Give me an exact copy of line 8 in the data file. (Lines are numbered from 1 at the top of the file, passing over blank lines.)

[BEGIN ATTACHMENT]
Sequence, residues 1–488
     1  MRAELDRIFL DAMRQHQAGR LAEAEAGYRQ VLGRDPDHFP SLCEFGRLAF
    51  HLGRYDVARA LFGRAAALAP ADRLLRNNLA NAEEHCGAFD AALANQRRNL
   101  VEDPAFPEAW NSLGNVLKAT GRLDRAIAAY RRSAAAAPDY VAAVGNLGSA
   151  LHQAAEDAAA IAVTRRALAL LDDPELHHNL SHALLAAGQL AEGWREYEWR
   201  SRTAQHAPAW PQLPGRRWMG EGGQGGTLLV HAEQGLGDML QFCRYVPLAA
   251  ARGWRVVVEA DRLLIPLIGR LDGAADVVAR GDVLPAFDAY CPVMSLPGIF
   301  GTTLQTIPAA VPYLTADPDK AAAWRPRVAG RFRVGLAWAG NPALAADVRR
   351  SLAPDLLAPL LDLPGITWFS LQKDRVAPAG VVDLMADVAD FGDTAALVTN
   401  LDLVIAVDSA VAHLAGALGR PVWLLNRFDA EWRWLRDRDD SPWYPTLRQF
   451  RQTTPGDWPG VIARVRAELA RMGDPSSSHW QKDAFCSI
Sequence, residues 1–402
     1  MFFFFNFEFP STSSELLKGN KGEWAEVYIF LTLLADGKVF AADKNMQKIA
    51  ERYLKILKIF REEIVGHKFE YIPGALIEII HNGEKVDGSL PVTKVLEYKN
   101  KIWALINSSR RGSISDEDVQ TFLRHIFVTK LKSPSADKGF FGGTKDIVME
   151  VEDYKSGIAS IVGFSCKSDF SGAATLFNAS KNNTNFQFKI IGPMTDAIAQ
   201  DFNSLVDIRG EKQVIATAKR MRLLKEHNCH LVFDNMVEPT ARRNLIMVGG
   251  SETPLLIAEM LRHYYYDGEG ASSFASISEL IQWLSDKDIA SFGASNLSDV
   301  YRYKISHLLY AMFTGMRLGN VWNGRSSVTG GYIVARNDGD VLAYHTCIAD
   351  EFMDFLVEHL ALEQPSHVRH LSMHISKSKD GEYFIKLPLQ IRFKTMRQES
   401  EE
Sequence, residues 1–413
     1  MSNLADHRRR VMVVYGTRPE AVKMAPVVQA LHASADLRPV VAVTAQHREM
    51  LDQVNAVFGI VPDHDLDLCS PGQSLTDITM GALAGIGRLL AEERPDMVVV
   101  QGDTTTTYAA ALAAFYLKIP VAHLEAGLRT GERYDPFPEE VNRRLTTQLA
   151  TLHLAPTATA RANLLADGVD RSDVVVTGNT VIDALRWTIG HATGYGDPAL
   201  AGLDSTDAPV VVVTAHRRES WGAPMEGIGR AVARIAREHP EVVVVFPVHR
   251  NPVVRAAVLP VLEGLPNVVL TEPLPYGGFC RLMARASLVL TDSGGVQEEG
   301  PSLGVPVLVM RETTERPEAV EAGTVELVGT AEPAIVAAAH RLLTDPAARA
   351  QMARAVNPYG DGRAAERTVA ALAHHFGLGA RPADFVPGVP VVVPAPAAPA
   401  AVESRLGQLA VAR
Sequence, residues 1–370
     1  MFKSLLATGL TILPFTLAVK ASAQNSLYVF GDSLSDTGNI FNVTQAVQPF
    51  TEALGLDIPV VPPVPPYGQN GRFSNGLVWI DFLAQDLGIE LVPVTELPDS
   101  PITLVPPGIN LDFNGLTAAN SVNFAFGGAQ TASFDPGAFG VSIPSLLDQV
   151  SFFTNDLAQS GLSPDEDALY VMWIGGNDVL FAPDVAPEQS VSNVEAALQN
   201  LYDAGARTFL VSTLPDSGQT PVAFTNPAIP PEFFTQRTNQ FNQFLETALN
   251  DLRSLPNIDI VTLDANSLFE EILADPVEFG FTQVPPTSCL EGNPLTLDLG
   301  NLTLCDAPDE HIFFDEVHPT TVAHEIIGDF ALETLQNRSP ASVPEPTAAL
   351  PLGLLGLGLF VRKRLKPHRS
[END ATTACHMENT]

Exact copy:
   301  GTTLQTIPAA VPYLTADPDK AAAWRPRVAG RFRVGLAWAG NPALAADVRR